Prioritizing rare tree species of the Cerrado-Amazon ecotone: warnings and insights emerging from a comprehensive transitional zone of South America

Everton A. Maciel, Ary T. Oliveira-Filho, Pedro V. Eisenlohr
2016 Natureza & Conservação  
n a t u r e z a & c o n s e r v a ç ã o 1 4 (2 0 1 6) 74-82 h t t p : / / w w w . n a t u r e z a e c o n s e r v a c a o . c o m . b r IUCN Red list conservation gaps Regional responsibility Local rarity Vulnerable habitat a b s t r a c t Many locally and regionally rare species are not covered by red lists, thus compromising conservation strategies. This is the case with ecotones. After applying three rarity criteria based on both geographic range and on local occurrences to 1755 species of a
more » ... o 1755 species of a large transitional zone in South America, we discuss how the priority hierarchy found in the study region can be combined with red books in decision-making to reduce the gaps left by the classification systems adopted by these lists. We point out clear directions about how these species can be used to guide decision making in ecotones, including identifying species of interest for conservation that have not yet been included in red lists, structuring a species group of narrow distribution occurring in areas adjacent to ecological transitions into a hierarchy of priorities for conservation, and using species of the highest hierarchy position in decision making. We believe that the combination of regional lists with national and international red lists is an interesting strategy in the management of species for conservation. (P.V. Eisenlohr). priorities (e.g., Gauthier et al., 2010) . Among them, the method proposed by Gauthier et al. (2010) is very simple and practical for the evaluation of different types of plant rarities. Basically, this method consists in drawing up a list of priority species for regional conservation from three priority criteria, named, Regional Responsibility, Local Rarity and Habitat Vulnerable. To operate these criteria, the authors propose a scale with five priority classes, in which the scores range from 1 to 5, http://dx.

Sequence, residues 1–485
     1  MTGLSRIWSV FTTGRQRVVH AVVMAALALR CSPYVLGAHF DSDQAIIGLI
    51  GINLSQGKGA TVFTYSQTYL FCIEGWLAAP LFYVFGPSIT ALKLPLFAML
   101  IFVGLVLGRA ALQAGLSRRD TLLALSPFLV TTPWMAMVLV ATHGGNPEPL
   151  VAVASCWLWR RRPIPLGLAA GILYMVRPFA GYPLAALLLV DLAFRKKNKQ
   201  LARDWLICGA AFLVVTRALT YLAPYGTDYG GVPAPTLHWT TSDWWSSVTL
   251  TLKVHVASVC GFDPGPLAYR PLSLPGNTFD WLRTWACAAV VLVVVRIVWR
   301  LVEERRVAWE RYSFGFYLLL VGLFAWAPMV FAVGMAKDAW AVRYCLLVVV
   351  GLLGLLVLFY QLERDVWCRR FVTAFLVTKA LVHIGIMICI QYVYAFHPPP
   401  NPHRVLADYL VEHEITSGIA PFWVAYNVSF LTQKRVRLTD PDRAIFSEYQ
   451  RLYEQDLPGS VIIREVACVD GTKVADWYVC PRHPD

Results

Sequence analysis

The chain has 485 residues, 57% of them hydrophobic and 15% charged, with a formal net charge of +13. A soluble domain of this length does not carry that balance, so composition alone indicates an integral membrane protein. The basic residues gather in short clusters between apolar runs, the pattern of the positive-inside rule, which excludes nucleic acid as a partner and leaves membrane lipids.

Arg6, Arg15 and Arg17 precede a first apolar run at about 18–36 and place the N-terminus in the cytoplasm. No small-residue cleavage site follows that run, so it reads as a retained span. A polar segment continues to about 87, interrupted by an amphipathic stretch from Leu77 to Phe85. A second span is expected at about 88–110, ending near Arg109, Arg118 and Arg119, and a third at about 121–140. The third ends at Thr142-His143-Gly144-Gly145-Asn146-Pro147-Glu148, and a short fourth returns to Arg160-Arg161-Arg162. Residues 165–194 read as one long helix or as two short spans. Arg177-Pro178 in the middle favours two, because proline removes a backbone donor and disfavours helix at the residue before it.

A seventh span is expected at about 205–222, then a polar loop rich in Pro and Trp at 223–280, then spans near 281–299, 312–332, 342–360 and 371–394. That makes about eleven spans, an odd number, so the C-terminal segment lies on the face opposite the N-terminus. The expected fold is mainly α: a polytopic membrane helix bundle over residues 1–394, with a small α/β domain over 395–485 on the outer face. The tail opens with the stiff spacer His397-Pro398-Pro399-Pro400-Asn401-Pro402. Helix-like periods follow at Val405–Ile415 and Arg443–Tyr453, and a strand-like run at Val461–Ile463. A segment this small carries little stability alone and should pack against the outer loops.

doi:10.1016/j.ncon.2016.10.002 fatcat:gms27dxlm5g55gcpfvhlfxgmqy